Q We have a cabin in northern Wisconsin that we close up in November and open up in May. We shut off the water and put RV antifreeze in the drains but leave the heat on with the thermostat set at 55 degrees. We'd like to turn the heat off completely as our propane bills are high, but I thought I had read that if a cabin has a foundation (which ours does), you cannot do that.
A The term "cabin" is a loose one. Once it meant a primitive summer place. Barely finished, it may have a bathroom, but did not have insulation or the fit and finish of a primary residence.
Now a "cabin" can mean a completely modern, year-round home, fully finished and equipped with every convenience -- basically, a second home. There's a lot more at risk when you turn off the heat in "cabins" like these. The damage from frost and broken water pipes can be tremendous. Floors, walls and ceilings can twist and buckle. Wood doors and trim warp and splinter; foundations can heave. Repairs can run thousands of dollars.
If that's your cabin, consider installing a thermostat that will permit lower temperatures of 40 or 45 degrees.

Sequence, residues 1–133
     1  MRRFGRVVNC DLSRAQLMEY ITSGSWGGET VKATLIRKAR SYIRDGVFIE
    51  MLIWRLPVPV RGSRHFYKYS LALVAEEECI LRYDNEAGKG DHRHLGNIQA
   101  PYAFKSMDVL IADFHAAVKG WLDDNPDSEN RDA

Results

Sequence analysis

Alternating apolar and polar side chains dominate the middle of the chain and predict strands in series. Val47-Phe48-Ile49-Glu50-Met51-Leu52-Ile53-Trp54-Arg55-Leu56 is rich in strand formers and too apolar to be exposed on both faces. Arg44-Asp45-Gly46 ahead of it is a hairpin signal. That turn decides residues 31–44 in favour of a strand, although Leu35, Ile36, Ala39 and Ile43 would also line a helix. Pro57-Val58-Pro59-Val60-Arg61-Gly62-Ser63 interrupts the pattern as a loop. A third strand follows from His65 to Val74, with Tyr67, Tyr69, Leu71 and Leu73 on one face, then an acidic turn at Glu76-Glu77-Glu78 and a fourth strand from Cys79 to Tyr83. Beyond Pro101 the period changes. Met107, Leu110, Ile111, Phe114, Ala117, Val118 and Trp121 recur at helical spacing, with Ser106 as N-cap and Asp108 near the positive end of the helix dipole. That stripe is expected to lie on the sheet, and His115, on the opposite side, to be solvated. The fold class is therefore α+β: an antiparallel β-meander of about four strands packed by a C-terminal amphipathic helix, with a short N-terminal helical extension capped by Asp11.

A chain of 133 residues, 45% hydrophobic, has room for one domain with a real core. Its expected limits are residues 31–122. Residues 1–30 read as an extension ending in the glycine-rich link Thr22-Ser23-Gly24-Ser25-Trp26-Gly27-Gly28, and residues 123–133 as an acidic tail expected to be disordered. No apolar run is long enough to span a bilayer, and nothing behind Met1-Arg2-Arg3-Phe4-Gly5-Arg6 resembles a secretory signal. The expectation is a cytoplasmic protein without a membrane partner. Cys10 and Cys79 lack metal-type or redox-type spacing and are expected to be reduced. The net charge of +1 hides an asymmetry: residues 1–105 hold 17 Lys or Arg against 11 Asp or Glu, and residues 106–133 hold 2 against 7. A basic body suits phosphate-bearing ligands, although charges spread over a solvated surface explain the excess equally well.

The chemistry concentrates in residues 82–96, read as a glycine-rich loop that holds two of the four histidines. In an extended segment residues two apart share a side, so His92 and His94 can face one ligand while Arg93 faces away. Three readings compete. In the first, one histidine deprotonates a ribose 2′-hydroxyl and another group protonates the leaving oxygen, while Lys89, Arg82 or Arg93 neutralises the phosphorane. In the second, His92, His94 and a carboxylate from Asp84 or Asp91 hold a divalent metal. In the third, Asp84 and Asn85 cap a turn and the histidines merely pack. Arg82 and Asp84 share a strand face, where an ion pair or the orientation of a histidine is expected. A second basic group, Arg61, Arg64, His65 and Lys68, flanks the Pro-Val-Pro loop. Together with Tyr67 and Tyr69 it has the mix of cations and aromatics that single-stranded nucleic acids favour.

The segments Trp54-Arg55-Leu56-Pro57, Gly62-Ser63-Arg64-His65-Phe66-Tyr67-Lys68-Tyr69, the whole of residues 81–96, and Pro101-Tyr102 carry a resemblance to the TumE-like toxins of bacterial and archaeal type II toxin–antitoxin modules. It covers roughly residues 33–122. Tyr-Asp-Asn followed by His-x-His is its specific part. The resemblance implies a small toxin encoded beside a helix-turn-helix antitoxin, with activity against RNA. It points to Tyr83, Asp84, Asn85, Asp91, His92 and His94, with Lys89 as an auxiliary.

Although it's not a good idea to completely shut down the heat in a house, in some cabins it can save a lot of money and greenhouse gas emissions over a winter, said state energy specialist Phil Smith. But it's a gamble, he added.
To reduce the risk of damage, Smith recommends that you continue your winterization steps, but also:
Insulate the above-grade foundation on the exterior to a foot below grade and then extend the insulation out and away from the foundation by 2 feet, forming a continuous apron of insulation to retard penetration of frost in the soil. Consider an R-value of 10. You can extend the insulation down the entire depth of the foundation wall, but the apron is very important for retarding frost penetration into the soil overall. (The State Energy Office publishes a free guide to basement insulation, including illustrations. Go to www.commerce.state.mn.us and type "basement insulation" in the search window in the upper right corner.)
Also, insulate the interior of the basement from grade level up to and including the rim board. Consider an R-10 rigid foam cut to fit and caulked in place for the rim board. Install an R-value of 30 across the ceiling. The goal is to make an insulated box of the foundation system and floor, those parts of your cabin you want to protect.
If the cabin has a crawl space, an additional step is to seal the exposed earth with poly sheeting sealed at all seams and joints. This action will help contain the deep soil temperature in the basement or crawl space by establishing a thermal boundary to the exterior. Remember, soil has insulating value. This application of insulation is an attempt to replicate the thermal performance of the soil, reducing frost penetration.
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